Introduction

The cestodes (tape worms) of the genus Echinococcus (family Taenidae) may give rise to infection -echinococcosis or hydatidosis in the human host. Echinococcal disease was apparently known to Hippocrates (460-370 BC), who described water-filled cysts in the liver of infected patients. The aetiology of the disease was, however, not identified until the seventeenth century. It was first in 1808 that Rudolphi used the term echinococcus to name the parasite. The word 'echinococcus' is derived from the Greek and means hedgehog berry. In the beginning of this century Deve described the asexual cycle of the worm and furthermore demonstrated that the scolex plays a major role both in cyst formation and parasitic life cycle.

The life cycle involves two mammalian hosts. Definitive hosts of the Northern Biotype are always carnivores, most often members of the dog (Canidae) or cat (Felidae) families. The animals harbour the adult tapeworm in the small intestine and become infected by ingesting the larval (metacestode) form of the parasite with intermediate host tissue.

The reindeer and tile elk (Alces alces) are the principal intermediate hosts in northern regions. In Eurasia, the range of the elk extends southward to about latitude 50°N. Intermediate hosts are mainly herbivorous, but also omnivorous mammals that become infected by ingesting eggs passed in the faeces of infected definite hosts, which may contaminate grass or other vegetation or drinking water. Humans are incidental intermediate hosts of the larval form (Figure 18.1).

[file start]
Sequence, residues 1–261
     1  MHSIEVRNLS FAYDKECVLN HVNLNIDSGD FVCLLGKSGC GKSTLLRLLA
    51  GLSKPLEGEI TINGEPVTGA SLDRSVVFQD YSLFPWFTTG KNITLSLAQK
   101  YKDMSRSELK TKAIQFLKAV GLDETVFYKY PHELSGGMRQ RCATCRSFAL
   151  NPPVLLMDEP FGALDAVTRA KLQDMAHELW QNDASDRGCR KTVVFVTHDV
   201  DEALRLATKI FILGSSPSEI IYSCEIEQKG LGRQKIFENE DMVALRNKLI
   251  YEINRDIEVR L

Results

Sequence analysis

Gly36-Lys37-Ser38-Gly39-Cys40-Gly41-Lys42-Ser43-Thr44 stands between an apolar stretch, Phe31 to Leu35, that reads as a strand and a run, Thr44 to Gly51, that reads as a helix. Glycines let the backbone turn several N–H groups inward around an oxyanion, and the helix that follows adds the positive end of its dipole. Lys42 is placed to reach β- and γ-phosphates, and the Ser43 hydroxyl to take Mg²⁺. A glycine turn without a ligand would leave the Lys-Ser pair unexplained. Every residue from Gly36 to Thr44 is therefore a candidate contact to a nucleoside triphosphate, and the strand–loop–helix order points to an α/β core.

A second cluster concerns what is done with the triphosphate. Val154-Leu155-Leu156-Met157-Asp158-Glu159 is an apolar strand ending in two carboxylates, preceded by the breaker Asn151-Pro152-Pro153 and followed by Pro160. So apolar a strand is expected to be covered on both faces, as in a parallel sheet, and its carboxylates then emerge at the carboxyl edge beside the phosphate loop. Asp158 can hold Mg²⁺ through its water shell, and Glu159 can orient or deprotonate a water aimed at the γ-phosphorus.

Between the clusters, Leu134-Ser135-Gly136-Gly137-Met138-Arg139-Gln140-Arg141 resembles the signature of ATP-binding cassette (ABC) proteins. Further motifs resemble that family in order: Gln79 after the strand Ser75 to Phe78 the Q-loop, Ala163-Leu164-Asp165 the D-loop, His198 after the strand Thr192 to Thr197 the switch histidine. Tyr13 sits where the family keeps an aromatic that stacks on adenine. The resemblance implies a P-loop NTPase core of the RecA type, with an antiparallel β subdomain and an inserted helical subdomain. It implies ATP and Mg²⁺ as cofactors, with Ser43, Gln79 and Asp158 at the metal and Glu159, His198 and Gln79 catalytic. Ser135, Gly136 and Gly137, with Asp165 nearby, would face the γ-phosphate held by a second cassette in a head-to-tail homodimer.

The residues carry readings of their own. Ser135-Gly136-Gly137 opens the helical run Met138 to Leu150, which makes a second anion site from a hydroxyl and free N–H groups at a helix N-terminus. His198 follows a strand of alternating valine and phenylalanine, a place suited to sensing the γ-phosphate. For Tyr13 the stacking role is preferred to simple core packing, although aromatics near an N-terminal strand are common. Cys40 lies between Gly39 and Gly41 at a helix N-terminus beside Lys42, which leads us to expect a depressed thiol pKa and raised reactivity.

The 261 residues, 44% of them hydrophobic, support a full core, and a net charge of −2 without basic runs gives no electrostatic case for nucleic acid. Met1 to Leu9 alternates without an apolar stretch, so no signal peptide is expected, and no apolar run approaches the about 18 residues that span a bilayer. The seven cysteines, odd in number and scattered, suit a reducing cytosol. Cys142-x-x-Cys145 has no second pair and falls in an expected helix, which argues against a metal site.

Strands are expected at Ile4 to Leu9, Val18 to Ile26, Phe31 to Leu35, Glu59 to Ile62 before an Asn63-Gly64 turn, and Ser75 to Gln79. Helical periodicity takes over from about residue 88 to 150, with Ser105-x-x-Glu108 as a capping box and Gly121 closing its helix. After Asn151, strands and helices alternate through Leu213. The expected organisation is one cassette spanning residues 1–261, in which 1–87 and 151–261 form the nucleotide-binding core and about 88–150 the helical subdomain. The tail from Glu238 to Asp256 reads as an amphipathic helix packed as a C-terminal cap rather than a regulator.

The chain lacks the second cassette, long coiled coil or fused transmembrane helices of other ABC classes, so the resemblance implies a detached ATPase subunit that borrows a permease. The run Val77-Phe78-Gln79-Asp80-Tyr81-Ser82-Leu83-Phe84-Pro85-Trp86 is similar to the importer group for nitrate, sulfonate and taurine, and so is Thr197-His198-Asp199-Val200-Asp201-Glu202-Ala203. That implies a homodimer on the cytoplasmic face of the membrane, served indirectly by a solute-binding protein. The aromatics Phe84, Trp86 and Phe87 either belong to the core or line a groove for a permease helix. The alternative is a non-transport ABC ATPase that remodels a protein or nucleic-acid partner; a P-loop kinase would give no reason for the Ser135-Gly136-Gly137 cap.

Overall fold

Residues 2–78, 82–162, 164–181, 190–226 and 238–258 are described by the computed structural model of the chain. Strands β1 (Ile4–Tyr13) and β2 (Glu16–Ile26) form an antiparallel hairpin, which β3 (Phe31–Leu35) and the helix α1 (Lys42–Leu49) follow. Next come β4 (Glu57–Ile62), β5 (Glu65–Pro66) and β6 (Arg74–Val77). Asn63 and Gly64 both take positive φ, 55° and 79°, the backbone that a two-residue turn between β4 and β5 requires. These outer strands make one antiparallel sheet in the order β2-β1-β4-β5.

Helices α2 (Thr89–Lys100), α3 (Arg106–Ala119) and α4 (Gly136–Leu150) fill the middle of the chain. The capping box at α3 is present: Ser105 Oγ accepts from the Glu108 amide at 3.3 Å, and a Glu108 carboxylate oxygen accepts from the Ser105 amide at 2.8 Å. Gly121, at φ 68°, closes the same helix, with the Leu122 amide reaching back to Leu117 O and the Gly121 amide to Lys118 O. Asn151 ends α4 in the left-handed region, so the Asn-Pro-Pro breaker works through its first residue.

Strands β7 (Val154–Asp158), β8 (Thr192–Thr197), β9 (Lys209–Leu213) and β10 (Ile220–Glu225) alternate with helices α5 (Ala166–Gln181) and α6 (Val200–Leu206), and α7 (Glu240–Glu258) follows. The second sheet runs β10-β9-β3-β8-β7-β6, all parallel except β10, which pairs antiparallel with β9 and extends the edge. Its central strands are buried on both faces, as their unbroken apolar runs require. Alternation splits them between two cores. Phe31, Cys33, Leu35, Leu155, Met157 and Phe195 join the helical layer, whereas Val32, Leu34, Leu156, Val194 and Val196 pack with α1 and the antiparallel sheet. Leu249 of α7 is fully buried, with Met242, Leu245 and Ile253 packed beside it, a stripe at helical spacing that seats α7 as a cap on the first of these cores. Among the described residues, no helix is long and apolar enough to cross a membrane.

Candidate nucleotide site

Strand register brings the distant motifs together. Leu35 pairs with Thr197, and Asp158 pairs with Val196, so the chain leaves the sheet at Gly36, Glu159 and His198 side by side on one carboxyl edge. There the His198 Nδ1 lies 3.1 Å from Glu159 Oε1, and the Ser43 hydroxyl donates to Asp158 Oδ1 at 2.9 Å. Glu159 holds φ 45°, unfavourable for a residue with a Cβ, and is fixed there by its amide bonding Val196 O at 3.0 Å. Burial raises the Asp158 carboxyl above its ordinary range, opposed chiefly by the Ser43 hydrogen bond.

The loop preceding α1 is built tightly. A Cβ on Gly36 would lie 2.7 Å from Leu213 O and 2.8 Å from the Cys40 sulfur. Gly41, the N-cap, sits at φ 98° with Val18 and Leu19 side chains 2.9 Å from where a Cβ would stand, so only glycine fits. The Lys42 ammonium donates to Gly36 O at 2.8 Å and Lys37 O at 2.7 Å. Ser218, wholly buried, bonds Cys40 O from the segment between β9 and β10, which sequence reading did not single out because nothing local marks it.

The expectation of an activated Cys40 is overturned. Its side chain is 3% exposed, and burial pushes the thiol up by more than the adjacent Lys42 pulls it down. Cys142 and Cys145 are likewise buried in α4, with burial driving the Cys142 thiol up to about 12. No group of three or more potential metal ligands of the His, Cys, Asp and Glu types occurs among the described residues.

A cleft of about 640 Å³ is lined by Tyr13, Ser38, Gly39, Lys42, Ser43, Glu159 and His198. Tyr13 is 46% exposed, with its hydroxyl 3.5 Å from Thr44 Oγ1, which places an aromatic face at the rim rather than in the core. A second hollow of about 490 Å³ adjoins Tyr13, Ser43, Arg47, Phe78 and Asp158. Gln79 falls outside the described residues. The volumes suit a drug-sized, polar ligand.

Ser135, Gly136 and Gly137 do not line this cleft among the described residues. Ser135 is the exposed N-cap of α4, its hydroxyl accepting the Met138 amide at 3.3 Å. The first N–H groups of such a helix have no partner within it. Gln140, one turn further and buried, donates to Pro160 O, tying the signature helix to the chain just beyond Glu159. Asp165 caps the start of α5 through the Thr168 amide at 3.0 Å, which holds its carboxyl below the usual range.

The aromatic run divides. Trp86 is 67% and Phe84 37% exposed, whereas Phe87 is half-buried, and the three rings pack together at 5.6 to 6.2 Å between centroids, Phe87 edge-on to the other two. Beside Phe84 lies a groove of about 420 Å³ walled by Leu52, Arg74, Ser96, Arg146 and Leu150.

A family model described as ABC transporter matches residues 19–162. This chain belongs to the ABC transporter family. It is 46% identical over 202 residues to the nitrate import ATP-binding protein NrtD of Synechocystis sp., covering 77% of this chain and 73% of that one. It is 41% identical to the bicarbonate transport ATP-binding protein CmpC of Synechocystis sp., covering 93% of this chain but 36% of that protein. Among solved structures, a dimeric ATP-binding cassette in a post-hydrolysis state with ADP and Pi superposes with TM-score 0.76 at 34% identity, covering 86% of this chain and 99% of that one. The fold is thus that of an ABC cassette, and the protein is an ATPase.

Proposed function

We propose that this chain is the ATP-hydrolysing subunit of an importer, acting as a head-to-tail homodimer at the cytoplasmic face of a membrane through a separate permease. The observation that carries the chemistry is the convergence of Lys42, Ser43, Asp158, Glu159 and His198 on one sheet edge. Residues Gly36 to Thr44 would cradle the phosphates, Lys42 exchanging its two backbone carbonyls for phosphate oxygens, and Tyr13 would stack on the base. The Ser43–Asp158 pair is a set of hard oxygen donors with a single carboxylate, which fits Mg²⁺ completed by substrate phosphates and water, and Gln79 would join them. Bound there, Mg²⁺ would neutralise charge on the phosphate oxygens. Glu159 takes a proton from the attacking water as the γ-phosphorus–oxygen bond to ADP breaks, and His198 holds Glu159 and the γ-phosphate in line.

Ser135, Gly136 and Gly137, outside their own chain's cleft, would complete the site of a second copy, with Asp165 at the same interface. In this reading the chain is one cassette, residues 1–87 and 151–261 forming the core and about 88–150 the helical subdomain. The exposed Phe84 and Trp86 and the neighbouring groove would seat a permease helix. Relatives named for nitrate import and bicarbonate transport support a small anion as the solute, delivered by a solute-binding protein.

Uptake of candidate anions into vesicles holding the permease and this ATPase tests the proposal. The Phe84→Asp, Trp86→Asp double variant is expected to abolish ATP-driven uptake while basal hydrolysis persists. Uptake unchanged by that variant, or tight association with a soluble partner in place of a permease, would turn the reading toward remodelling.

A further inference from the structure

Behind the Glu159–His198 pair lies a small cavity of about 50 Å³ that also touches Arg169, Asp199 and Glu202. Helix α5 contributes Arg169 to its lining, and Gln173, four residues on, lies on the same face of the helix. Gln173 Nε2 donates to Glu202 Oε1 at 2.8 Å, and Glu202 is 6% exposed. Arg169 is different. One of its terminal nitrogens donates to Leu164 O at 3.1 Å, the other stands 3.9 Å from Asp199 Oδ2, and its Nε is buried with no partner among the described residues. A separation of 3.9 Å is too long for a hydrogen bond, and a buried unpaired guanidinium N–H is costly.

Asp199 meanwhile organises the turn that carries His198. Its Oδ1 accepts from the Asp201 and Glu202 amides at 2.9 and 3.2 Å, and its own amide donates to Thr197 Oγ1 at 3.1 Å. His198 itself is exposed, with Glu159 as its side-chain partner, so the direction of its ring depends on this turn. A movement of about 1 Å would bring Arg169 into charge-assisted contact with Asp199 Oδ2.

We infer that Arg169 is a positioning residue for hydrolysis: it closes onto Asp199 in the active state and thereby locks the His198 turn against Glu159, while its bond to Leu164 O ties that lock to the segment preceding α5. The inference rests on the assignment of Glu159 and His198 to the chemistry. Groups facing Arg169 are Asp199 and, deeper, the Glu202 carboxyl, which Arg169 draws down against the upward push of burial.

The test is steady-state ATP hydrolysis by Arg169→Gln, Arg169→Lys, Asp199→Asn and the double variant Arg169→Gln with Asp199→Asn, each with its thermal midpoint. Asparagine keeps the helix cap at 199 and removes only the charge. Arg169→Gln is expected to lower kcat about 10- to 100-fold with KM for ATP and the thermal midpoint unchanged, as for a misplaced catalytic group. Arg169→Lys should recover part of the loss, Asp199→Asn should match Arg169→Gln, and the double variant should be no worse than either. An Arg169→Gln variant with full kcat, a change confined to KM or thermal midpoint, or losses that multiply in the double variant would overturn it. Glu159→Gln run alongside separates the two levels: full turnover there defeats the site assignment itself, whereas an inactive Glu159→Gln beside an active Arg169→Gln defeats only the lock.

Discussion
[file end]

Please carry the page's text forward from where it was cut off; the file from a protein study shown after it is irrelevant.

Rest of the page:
Four species of Echinococcus are recognized, three of which cause distinctive forms of disease: Echinococcus granulosus (CHD), E. multilocularis (AHD), and E. vogeli (polycystic hydatid disease, PHD). Echinococcus oligarthrus, has so far been recognised only in South America where only a couple of cases of human infection have been reported to date (Lopera et al. 1989). The adult cestodes are small (2-10mm) and they consist of a scolex with four suckers and a double row of rostellar hooks and two to five proglottids. Taxonomically significant morphologic differences between adult Echinococcus species include the form of the strobila, the position of the genital pore in mature and gravid proglottids, the size of rostellar hooks, the number and distribution of testes and the form of the gravid uterus. The eggs are secreted into the faecal mass and pass into the environment via host faeces. Despite the fact that the definitive host may harbour many thousands of these small worms, infections are rarely symptomatic in this host (Schantz 1989).

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